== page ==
E.g.: while I was in the thick of this novel, I took a seminar on Samuel Beckett that Noy taught. At some point I had to give a presentation, itself quite forgettable but during which I said the phrase the excruciation of time, and from the audience Noy repeated, at a murmur, the word excruciation. Noy’s fiction illustrates how each story of a life—and so each life—is built word by word, sentence by sentence: how language compels us forward into more language, backward into repetition, outward into other voices, whose words we’re then left to mutter to ourselves. This transformative attention to language in its precision, how language mediates and urges and sings and enslaves our experience at each instant—could this, even at its most beautiful, be called excruciation? I think that could be true, for this novel, at least. Oppen would have a different answer, one with more breath in it, a greater sense of the horizon. In They Dragged Them Through the Streets I wasn’t looking toward the horizon; I was thinking of how we each live along the border that is skin, that is self: a border both inviolable and perfectly violable.

In the end notes you acknowledge a large number of articles and individuals. Especially when writing about a subject that is very sensitive to some, what do you look for in the articles you read and the individuals that you interview?

I should note that I didn’t conduct any interviews for this novel; I read, watched the news and documentaries, went to panels and protests. In the novel I wished to represent a mediated experience of the war: the experience that all those of us who were not in Iraq during or as part of the war had, necessarily. The experience of the contemporary American home front. It seemed essential to emphasize the fact of this mediation—the war as read, as watched, as known only through others’ representation—since this has been such a devastating quality of the past decade’s wars, the age of the “global war on terror.” These wars have been fought by less than one percent of the US population, and much of the time the wars somehow didn’t even manage to claim the public’s attention (we cut our own taxes during them, no less). In the past couple years, we’ve heard from increasing numbers of veterans, with diverse portrayals and analyses of the wars they fought, but for a long time and still for the most part, the larger culture seemed to want to hear only a very limited number of stories, only those that fit its comfortable and preconceived ideas (from yellow-ribbon car decals to stereotypes about PTSD).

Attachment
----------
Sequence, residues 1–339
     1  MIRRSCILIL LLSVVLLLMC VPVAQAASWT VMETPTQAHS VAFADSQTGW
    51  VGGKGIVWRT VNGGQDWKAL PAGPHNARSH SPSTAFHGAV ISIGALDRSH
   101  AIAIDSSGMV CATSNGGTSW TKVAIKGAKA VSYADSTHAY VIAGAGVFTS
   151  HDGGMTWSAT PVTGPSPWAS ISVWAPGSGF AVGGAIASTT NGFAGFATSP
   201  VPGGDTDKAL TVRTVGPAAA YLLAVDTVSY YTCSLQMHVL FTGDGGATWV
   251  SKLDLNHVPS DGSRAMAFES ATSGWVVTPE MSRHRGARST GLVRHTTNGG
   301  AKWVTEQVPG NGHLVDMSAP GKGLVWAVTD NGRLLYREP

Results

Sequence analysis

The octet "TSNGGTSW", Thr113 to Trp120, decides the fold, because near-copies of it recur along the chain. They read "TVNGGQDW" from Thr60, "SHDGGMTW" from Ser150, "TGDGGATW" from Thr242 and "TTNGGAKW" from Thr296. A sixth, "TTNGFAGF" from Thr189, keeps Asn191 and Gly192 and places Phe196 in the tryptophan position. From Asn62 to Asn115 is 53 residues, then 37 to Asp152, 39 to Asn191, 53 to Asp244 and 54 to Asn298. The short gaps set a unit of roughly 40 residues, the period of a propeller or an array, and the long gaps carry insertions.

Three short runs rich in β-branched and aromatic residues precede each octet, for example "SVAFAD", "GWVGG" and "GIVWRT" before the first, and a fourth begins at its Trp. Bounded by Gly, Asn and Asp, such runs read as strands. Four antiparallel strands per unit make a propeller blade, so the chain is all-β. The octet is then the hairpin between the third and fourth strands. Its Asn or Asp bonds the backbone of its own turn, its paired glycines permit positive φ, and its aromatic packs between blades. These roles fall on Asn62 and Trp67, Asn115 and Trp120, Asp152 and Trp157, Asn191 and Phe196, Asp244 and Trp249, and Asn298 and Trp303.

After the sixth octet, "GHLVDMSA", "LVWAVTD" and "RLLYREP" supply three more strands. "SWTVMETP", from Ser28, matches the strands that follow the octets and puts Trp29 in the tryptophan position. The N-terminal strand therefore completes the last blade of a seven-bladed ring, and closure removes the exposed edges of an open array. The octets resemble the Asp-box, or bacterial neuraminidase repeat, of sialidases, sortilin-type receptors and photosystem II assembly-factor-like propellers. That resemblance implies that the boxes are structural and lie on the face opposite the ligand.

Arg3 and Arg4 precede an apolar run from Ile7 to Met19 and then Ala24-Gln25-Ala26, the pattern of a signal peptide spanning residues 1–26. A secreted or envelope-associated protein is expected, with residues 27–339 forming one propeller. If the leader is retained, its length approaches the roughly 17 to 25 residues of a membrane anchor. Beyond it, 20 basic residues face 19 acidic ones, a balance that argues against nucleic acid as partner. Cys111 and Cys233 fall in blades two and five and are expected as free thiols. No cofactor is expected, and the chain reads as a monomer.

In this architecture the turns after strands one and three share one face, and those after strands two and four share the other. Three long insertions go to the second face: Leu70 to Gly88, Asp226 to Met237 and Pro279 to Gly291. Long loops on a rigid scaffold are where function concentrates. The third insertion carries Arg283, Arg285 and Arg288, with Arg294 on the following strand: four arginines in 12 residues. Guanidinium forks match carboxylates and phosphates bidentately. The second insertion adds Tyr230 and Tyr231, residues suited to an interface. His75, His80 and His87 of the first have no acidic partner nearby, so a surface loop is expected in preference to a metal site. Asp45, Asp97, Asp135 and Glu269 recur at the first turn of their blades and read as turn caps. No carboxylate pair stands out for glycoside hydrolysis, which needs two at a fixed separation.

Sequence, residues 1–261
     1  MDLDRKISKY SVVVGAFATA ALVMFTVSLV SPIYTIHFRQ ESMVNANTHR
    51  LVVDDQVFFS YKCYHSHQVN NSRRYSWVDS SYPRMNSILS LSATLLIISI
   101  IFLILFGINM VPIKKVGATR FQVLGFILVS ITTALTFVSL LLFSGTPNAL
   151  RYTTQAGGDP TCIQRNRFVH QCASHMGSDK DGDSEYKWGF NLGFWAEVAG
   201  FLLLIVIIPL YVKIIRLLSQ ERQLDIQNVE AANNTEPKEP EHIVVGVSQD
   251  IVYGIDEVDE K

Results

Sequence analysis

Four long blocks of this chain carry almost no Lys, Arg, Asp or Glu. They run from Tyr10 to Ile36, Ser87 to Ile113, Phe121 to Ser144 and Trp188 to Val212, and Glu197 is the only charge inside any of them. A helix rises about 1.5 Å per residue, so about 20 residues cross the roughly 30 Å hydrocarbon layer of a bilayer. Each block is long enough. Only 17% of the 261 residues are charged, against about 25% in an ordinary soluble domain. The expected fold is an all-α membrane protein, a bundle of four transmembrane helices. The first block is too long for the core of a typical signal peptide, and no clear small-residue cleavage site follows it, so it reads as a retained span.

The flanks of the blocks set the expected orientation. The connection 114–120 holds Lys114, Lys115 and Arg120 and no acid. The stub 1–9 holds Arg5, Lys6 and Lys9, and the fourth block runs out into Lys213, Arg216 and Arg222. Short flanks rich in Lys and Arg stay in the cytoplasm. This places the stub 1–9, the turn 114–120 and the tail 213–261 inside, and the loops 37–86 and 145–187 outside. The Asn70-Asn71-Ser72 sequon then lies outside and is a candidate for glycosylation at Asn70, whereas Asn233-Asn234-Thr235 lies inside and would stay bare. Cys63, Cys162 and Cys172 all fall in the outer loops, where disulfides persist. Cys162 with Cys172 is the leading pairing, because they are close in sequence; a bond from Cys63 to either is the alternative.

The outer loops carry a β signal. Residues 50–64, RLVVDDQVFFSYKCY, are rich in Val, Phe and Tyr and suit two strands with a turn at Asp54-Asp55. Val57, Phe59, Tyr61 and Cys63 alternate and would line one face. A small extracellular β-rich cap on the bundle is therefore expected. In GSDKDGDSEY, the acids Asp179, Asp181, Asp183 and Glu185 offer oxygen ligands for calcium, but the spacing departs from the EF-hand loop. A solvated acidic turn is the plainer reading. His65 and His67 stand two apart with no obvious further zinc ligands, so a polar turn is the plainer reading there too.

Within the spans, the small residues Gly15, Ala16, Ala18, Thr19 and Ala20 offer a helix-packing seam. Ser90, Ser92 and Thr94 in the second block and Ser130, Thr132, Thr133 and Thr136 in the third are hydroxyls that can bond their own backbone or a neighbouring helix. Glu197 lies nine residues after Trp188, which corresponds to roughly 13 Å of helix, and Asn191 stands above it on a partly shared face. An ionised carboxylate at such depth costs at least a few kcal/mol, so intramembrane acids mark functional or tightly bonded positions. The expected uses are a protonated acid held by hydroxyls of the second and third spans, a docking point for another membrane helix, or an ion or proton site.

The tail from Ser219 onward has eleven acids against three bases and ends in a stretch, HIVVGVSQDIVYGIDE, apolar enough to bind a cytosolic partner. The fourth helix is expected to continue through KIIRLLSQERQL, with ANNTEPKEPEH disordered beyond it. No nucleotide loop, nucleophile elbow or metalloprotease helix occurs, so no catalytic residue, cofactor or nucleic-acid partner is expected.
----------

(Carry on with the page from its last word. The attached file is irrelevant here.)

These wars have been increasingly privatized and increasingly unmanned, as the phrase is—witness the shocking fact that the US has killed approximately 3,000 people in Pakistan (a country with whom we are not, ostensibly, at war) by drone. This phenomenon—as much war as possible with as few troops as possible—seems likely to continue. While this may minimize American casualties, it is no good news for people around the world, since without the draft, without the common responsibility of military service, the US public seems dangerously apathetic about the wars its leaders are inclined to wage. Lately Americans have shown an increasing interest in hearing from our own veterans, but we have shown shamefully little interest in the stories of Iraqis and in even beginning to face up to all we have done in Iraq. As from 2007 to 2012 I wrote this novel, I wanted to try to comprehend this apathy and its consequences, by imagining characters who felt deeply engaged by the war’s suffering and injustice, but fundamentally helpless. What can a few citizens of an empire do? What resistance is possible, or right, or practical, or not already translated into the language of despair?

 And this is a question I don’t even have a right to ask, when I think of what the people of Iraq are living at this moment. Here, for me, conversations about the war are only words—the topic may be sensitive, but the consequences are just more words, flung back and forth. There, the stakes are life and death, and have been so for a horrifically long time. What I, an American citizen, owe the people of Iraq is something far greater than any words, any apology, any possible confession or testimony or revision of history. But we human animals are stuck with and in language; it’s what we may and must offer. So I’ll point to this recent essay, by veteran Roy Scranton. I’ll point to the work of Hassan Blasim, Etel Adnan, Sinan Antoon, Khaled Mattawa, Philip Metres, and others, whose writing demands our attention, our engagement. I think I may not have quite answered your question—so, just to say, I look to voices as challenging and forceful as these.

Read her short story "Folktales" here.